I mentioned above that one of the daily tasks I perform is to create an agenda. Every day (weekdays and weekends), from the outstanding tasks that I have, I select those that I intend to deal with today, and schedule blocks of time for them in my calendar. Some are fixed (meetings, appointments, going for a run before it gets dark); others can be slotted in around them.

The amount of time allocated to each topic can vary depending on what type of work it involves. Project reviews or brainstorm sessions can be completed in an hour; a decent coding session may occupy four hours or more. I try to leave time for breaks, including a walk at lunch to get some exercise and fresh air away from my desk.


Speaking of brainstorms, I’ll frequently book myself a small meeting room for an hour or two (luckily my office has enough rooms that I don’t feel as if I’m blocking other teams) to think through the next steps in a project or work through a UX issue. I find that in an open-plan office, it can be the only way to avoid interruptions or distractions.

I often start these sessions in a text document like TextEdit, where I’ll list out the key bullet points; then I’ll branch out from those into multiple levels of sub-list to form a kind of text-only mind-map. It’s a technique that the Workflowy app has formalised; I tried using it at one point, but nowadays I prefer to just create dozens of plain text documents on my desktop.

The most important part of any brainstorm session is to come out of it with some actual next steps, so I always try to finish by identifying the next actions that I need to take … and, of course, capturing them in the appropriate to-do list.

(It’s worth mentioning that I work remotely from my colleagues, otherwise I would certainly recommend a more traditional team brainstorm process.)

Music (and other isolation techniques)

Of course, I can’t spend all my time in meeting rooms. Those times when I need to get my head down and concentrate for an extended period on work, I rely on a decent pair of headphones, and Spotify. For true isolation, I also recommend switching off phone notifications (I have Workplace chat and Slack on my phone) as well as turning off email and/or Slack on your computer.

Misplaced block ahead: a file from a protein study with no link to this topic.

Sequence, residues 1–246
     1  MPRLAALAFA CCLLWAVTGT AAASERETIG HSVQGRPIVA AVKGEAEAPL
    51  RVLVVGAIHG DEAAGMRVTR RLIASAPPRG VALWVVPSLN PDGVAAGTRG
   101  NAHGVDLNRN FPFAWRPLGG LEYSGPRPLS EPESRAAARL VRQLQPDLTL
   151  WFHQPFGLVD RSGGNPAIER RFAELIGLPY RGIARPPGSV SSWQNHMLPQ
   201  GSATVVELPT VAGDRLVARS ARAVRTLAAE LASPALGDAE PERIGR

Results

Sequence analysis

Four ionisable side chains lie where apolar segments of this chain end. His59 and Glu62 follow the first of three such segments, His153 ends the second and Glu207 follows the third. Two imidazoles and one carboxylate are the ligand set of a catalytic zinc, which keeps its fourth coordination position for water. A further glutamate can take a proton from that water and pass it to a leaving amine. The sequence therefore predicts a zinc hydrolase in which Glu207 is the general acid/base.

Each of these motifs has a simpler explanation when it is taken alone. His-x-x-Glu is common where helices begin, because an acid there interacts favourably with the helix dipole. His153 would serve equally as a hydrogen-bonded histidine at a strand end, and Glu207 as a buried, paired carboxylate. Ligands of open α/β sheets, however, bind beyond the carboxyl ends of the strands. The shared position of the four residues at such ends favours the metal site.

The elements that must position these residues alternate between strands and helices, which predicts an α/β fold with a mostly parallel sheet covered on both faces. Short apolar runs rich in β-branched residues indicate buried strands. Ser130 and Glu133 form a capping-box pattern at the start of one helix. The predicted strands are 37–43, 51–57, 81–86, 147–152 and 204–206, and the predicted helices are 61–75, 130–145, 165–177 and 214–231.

For maximum concentration I find that I can’t listen to music with understandable lyrics, so I favour playlists like Spotify’s Deep Focus, electronic music, or occasionally something in a foreign language (like my favourite album from last year, Juana Molina’s Halo).


Returning to the GTD side of things, I now combine the Weekly Review ritual (going through all of my lists to check if there is anything missing, or tasks that are no longer needed and can be removed) with a weekly personal OKRs check. This means that every Monday I spend some time going through both my outstanding tasks and my main areas of focus, and ensuring that the two are aligned.


This particular combination of habits, tools, and routines has served me well for a few years now. Knowing that everything I need or want to do is securely captured in a list somewhere helps me to focus on just the task at hand, and being able to access my task lists from anywhere (desktop, laptop, phone, or web) means I can rely on it completely.

For anyone who struggles with juggling multiple competing projects, I definitely recommend looking into GTD; it’s a great way to introduce some structure into a busy life.